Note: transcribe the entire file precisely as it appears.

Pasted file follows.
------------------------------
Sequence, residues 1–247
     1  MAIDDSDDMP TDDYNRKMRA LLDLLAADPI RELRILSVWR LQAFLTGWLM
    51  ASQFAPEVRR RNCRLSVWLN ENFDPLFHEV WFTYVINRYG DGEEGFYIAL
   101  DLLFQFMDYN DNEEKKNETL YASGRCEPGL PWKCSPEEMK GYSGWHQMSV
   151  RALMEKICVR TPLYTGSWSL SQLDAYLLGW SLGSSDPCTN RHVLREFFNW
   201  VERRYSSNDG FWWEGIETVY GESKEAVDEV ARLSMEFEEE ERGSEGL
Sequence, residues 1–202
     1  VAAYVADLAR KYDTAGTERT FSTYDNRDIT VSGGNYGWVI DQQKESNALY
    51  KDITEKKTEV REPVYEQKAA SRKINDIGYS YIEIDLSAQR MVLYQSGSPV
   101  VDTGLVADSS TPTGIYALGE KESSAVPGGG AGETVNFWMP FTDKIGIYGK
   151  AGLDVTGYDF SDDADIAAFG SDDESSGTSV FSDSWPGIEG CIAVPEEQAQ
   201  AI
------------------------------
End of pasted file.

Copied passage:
Sequence, residues 1–247
     1  MAIDDSDDMP TDDYNRKMRA LLDLLAADPI RELRILSVWR LQAFLTGWLM
    51  ASQFAPEVRR RNCRLSVWLN ENFDPLFHEV WFTYVINRYG DGEEGFYIAL
   101  DLLFQFMDYN DNEEKKNETL YASGRCEPGL PWKCSPEEMK GYSGWHQMSV
   151  RALMEKICVR TPLYTGSWSL SQLDAYLLGW SLGSSDPCTN RHVLREFFNW
   201  VERRYSSNDG FWWEGIETVY GESKEAVDEV ARLSMEFEEE ERGSEGL
Sequence, residues 1–202
     1  VAAYVADLAR KYDTAGTERT FSTYDNRDIT VSGGNYGWVI DQQKESNALY
    51  KDITEKKTEV REPVYEQKAA SRKINDIGYS YIEIDLSAQR MVLYQSGSPV
   101  VDTGLVADSS TPTGIYALGE KESSAVPGGG AGETVNFWMP FTDKIGIYGK
   151  AGLDVTGYDF SDDADIAAFG SDDESSGTSV FSDSWPGIEG CIAVPEEQAQ
   201  AI